Directly after OutKast’s conclusion the opening sighs of La Roux’s ‘Let Me Down Gently’ brought the Big Top back to life. Elly Jackson kept interaction to a minimal, preferring instead to let new album Trouble In Paradise’s impeccable pop songs do the talking but by the end she could restrain herself no more and gushed about how great it felt to be back playing a UK festival again after La Roux’s lengthy disappearance. She looked so touched by her animated audience during oldie ‘Bulletproof’ that this time she did indeed look just that.
The early hours of Saturday saw Caribou take to the stage in a tent that was predictably packed given that it was prime time for dance music. Dan Snaith and gang – all clad in scruffy white clothing – elegantly played through song after song rarely pausing to address their water bottle-toting audience. Several tracks from 2010’s wondrous Swim showed up including flawless renditions of ‘Leave House’ and ‘Found Out’ but it is often the new tracks such as ‘Can’t Do Without You’ which are granted with the biggest reaction.
Later on Saturday evening, the Big Top was just as rammed to witness one of Darkside’s last performances before the duo part ways. The majority of their set stretched out the dance element of their music wherein they extended the already-not-short ‘Golden Arrow’ to a hypnotic conclusion.
By the time London Grammar stepped onstage, they had a sizable crowd to satisfy and that they did via a live string section and frontwoman Hannah Reid’s pitch-perfect vocals which climaxed with a stunning version of ‘Strong’.
Foals followed and fully proved themselves worthy of their headline status. Despite not being a band known for a stack of hits – ‘My Number’ is really the only song that had a full crowd backing it – the Oxford quintet demonstrated why they are such a respected live act with ‘Spanish Sahara’s slow build and frontman Yannis Philippakis’s unpredictable crowd-surfing being some of the biggest reasons. Throughout Philippakis kept his audience involved, telling them “this’ll be the last time we play this for a very long time” before launching into the ever-powerful ‘Inhaler’ and later informing them that they were watching the last Foals show for “about 18 months”. Curiously there was no ‘Cassius’ and no ‘Balloons’ but there was plenty of streamers which rained down during closing oldie ‘Two Steps, Twice’ which found Philippakis climb into the crowd for the 227th time of the night.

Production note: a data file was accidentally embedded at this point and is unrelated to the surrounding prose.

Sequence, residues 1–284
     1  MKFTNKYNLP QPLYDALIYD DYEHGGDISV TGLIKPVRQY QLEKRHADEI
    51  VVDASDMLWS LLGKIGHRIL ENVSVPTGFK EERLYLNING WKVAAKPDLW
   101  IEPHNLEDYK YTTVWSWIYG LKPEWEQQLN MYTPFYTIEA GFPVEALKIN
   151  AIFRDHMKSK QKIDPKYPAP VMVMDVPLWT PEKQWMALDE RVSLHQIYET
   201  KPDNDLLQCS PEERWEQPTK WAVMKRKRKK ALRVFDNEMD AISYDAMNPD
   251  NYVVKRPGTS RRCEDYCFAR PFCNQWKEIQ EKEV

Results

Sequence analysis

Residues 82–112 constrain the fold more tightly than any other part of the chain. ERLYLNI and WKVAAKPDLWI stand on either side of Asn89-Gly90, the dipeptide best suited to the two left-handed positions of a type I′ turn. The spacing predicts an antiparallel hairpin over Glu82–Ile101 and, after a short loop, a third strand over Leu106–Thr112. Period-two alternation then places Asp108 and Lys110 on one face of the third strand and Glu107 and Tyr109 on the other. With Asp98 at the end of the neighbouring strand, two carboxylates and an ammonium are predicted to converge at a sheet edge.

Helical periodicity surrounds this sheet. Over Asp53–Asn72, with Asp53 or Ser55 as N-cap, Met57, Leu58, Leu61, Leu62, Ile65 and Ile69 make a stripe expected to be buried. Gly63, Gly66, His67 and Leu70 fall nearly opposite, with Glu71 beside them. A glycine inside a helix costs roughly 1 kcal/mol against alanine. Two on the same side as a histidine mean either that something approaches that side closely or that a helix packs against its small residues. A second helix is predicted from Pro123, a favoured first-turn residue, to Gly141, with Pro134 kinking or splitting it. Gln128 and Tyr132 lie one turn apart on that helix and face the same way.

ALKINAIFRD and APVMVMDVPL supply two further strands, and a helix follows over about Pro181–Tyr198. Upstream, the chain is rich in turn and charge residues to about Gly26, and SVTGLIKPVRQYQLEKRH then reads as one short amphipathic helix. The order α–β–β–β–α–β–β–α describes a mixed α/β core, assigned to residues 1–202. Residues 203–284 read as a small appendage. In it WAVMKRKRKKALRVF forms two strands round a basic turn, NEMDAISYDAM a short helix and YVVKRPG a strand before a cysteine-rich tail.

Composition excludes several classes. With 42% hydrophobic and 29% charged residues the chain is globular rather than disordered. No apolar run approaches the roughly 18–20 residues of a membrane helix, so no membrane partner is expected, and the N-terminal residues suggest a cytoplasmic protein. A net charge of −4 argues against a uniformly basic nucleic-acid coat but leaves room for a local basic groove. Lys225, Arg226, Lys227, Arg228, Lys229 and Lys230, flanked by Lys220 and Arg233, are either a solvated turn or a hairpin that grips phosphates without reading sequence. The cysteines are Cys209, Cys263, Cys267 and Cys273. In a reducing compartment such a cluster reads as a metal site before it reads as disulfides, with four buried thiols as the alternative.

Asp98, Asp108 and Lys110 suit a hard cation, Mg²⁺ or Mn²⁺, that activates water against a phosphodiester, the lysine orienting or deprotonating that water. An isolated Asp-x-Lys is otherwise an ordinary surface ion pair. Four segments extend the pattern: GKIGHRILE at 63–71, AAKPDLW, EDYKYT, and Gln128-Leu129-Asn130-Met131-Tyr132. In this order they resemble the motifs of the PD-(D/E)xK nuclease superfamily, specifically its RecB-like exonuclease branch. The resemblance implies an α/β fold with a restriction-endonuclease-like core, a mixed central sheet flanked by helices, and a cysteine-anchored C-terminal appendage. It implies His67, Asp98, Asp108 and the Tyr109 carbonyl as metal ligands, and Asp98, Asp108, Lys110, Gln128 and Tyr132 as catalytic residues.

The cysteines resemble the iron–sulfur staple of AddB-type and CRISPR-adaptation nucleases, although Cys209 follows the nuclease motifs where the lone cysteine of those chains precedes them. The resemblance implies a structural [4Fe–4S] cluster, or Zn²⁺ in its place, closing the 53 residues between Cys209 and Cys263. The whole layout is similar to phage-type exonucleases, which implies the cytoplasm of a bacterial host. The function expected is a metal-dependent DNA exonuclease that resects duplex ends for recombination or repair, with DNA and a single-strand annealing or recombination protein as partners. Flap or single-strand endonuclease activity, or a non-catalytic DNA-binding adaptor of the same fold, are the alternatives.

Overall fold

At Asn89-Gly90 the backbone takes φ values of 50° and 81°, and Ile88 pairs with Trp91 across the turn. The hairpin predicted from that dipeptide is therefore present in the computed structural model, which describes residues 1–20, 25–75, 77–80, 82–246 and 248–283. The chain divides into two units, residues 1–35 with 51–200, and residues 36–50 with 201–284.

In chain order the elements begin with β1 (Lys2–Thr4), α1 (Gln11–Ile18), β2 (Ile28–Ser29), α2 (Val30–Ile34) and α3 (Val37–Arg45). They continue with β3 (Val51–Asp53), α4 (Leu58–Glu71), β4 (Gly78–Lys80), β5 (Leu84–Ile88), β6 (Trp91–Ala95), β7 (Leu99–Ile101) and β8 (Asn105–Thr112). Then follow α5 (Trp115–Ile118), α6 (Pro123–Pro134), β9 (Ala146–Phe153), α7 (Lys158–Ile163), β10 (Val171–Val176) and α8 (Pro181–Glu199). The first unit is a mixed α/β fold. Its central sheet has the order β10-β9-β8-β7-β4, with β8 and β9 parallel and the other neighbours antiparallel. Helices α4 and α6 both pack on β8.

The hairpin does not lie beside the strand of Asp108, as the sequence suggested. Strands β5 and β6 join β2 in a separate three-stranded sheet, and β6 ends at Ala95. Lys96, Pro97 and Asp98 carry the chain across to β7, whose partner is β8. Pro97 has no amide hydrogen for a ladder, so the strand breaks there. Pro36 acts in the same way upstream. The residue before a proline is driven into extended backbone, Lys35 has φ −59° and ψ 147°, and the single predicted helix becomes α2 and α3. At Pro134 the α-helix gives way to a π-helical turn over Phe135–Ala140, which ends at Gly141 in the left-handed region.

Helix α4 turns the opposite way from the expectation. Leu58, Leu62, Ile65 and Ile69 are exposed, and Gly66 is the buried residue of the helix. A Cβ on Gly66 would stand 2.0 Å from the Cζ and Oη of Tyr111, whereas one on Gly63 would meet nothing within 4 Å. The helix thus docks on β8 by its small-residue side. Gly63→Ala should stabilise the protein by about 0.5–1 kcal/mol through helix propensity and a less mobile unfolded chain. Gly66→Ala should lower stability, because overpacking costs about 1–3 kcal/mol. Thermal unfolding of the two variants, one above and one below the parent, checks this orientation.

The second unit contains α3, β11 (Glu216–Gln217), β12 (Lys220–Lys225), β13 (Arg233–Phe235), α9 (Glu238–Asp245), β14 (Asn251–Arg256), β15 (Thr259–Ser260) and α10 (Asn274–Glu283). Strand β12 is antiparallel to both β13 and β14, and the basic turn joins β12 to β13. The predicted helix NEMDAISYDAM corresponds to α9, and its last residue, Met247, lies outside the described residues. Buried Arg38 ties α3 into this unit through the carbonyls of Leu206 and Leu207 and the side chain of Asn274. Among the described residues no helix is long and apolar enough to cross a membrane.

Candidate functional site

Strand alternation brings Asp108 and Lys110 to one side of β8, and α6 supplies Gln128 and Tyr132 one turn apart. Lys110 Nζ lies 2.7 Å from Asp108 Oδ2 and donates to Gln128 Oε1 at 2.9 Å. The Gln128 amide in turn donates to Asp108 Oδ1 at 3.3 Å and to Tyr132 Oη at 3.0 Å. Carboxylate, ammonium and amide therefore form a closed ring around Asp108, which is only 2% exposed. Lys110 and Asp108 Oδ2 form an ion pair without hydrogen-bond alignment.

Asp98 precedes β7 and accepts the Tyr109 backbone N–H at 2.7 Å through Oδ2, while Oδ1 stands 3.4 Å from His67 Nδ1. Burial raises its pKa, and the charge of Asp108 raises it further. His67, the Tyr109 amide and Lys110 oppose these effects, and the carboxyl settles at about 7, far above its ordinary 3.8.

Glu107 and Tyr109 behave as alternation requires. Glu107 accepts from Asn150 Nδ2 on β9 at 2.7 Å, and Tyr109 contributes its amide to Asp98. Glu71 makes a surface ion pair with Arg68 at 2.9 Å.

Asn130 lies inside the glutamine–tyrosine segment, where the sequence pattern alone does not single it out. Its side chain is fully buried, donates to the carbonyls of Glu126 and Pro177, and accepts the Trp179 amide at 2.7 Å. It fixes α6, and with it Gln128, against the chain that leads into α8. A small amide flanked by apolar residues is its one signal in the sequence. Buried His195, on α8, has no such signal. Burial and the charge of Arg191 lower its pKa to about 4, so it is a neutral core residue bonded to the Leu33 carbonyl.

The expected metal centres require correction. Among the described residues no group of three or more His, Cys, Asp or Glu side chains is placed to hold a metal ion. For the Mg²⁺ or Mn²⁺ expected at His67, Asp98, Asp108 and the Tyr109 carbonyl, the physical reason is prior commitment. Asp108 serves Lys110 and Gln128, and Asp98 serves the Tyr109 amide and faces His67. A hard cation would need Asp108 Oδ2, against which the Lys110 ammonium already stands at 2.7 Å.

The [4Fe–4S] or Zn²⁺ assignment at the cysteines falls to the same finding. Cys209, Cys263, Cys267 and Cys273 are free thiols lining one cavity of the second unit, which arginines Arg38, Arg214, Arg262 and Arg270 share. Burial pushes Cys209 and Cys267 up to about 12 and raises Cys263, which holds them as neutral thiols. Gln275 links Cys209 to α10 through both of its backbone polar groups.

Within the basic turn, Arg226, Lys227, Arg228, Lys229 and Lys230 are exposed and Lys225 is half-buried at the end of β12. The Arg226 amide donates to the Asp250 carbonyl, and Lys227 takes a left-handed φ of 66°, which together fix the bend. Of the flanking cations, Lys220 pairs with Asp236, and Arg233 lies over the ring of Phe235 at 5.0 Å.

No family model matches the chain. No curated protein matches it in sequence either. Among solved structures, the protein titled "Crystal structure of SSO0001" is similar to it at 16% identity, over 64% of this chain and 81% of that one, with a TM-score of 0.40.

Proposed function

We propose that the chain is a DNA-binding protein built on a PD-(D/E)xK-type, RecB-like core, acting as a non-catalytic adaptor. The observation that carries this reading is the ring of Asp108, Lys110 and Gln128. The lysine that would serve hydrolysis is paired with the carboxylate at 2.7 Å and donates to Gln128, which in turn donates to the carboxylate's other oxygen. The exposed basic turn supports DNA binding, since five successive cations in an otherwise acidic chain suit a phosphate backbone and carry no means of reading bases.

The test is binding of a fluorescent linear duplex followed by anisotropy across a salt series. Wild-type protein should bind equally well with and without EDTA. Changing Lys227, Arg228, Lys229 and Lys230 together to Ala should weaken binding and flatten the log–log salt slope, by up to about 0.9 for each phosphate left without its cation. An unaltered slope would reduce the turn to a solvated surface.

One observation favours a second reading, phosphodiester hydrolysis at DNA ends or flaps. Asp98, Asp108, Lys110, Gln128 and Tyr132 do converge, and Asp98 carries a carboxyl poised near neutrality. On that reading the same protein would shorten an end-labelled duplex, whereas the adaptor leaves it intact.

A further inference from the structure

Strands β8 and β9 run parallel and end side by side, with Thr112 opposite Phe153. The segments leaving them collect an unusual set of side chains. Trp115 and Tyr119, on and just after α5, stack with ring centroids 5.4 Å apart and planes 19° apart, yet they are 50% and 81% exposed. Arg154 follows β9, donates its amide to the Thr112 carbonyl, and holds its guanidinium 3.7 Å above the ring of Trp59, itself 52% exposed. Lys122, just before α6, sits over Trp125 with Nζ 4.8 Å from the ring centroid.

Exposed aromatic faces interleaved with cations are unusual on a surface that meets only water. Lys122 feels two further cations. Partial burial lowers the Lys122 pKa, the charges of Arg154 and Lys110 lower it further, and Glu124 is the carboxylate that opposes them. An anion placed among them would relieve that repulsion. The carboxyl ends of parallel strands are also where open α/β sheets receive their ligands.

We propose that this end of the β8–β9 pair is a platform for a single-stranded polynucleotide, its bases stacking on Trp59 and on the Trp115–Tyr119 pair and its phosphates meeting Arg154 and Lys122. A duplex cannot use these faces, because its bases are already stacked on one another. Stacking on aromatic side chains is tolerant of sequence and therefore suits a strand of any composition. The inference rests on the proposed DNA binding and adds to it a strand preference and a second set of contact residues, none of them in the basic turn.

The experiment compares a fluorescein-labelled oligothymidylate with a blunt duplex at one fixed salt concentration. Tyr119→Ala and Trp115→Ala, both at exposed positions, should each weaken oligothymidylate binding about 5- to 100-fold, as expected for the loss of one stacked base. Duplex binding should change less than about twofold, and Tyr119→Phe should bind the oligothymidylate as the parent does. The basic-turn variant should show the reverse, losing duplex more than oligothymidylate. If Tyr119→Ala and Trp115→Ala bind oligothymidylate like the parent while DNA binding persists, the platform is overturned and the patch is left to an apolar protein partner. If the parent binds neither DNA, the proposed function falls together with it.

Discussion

The sun was really smiling on the final day of the festival, as were Clean Bandit through their early main stage set which had most of their audience waiting for that one song. One can’t help but feel theirs was rather pedestrian when compared to the majority of performances that weekend. For instance, later on during his Major Lazer set Diplo bounced over the crowd in a giant inflatable ball (or zorb if you’re in the know).
The Big Top sparkled with Chvrches’ shiny synth-pop, particularly the perfection that is ‘The Mother We Share’. Unfortunately for the Scottish trio however, much of their audience had left before their finish to experience the culmination of the weekend: Chic featuring Nile Rodgers. Finally, a real disco band to justify all those disco helmets and 70s outfits. Before playing however, one more thing needed to be taken care of: the introduction of the record-breaking, 10 metre wide disco ball, of course. An emotional Rodgers explained of hearing the news of his guitar tech, Terry Brauer passing away shortly before stage time and thus dedicated this headline performance to Terry. From there the legendary hit-maker was all about the party, jumping right into ‘Everybody Dance’ to which the crowd responded accordingly.
The man then ensured that the audience before him were properly educated in his credentials before the band ran through a glorious streak of singles he’s penned throughout the years. Songs by Madonna, Sister Sledge, Diana Ross and Duran Duran guaranteed home run after home run for the disco legends and even David Bowie’s ‘Let’s Dance’ showed up towards the end. Rightly so though, the band bowed out on two of their own stone-cold classics ‘Le Freak’ and the wonderfully appropriate ‘Good Times’. Shortly after a mesmerising firework display signalled the end of the weekend but by this point it was pretty safe to say the people got their party.